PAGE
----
Hold that thought. In part 2, “tallbloke” takes us inside the crucial “temperature data” session, which has an interesting connection to that “minority” report idea. I’ll cover other workshop highs and lows, including an analysis of the participant list and an update on the Fred Pearce-New Scientist kerfuffle.
And I’ll also take a closer look at post-normal science itself, which appears to have been highjacked here. Indeed, PNS is now in need of its own “extended peer community”. Let the PostNormalAudit begin!
[Update: Fred Pearce’s New Scientist post on Lisbon has been amended to add Gavin Schmidt’s reply to the organizer’s invitation in toto and to strike out the original incorrect paraphrase. No word yet on whether Pearce has apologized for his error.]
But the leaders of mainstream climate science turned down the gig, including NASA’s Gavin Schmidt.
who said the science was settled so there was nothing to discuss.[Gavin Schmidt has asked us to clarify his reasons for not attending: see the bottom of this post.]
Before the update with Gavin’s response, here is the key excerpt from the Lisbon organizers’ letter of invitation (not provided by the New Scientist).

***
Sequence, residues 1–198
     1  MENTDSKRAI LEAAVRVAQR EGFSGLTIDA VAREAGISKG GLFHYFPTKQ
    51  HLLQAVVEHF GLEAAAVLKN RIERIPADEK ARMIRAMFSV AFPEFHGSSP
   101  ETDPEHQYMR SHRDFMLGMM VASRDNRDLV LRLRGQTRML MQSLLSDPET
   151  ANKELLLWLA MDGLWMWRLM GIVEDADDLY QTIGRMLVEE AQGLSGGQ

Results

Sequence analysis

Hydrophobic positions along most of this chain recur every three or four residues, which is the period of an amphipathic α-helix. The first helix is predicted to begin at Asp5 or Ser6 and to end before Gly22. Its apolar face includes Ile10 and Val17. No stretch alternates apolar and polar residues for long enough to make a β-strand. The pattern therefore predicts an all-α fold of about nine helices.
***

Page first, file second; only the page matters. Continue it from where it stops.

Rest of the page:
“At this stage we are planning to have a workshop where the main scientific issues can be discussed, so that some clarity on points of agreement and disagreement might be reached. We would try to stay off the policy issues, and will also exclude personal arguments.
The issues we have in mind are Medieval Warm Period, ice, climate sensitivity, and temperature data. We would hope to have smaller groups discussing these in some detail, hopefully with scientists who are very familiar with the technical issues to lead the discussion.”
Here is the New Scientist update, with Gavin Schmidt’s reply:
Update: Gavin Schmidt has asked us to clarify his reasons for not attending the meeting. We are happy to reproduce the email in which he declined:
Thanks for the invitation. However, I’m a little confused at what conflict you feel you are going to be addressing? The fundamental conflict is of what (if anything) we should do about greenhouse gas emissions (and other assorted pollutants), not what the weather was like 1000 years ago. Your proposed restriction against policy discussion removes the whole point. None of the seemingly important ‘conflicts’ that are *perceived* in the science are ‘conflicts’ in any real sense within the scientific community, rather they are proxy arguments for political positions. No ‘conflict resolution’ is possible between the science community who are focussed on increasing understanding, and people who are picking through the scientific evidence for cherries they can pick to support a pre-defined policy position.
You would be much better off trying to find common ground on policy ideas via co-benefits (on air pollution, energy security, public health water resources etc), than trying to get involved in irrelevant scientific ‘controversies’.